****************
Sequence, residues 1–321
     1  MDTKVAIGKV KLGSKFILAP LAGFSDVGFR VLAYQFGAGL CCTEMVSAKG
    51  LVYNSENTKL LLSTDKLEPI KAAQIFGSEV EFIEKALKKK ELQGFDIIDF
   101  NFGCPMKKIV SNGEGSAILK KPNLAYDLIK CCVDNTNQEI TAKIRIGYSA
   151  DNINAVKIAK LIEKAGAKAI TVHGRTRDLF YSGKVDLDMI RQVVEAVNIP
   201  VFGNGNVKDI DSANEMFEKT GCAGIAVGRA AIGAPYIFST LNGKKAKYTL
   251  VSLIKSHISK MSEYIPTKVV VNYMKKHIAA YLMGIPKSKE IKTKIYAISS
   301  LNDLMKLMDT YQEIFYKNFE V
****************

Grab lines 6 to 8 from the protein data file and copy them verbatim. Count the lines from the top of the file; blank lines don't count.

   201  VFGNGNVKDI DSANEMFEKT GCAGIAVGRA AIGAPYIFST LNGKKAKYTL
   251  VSLIKSHISK MSEYIPTKVV VNYMKKHIAA YLMGIPKSKE IKTKIYAISS
   301  LNDLMKLMDT YQEIFYKNFE V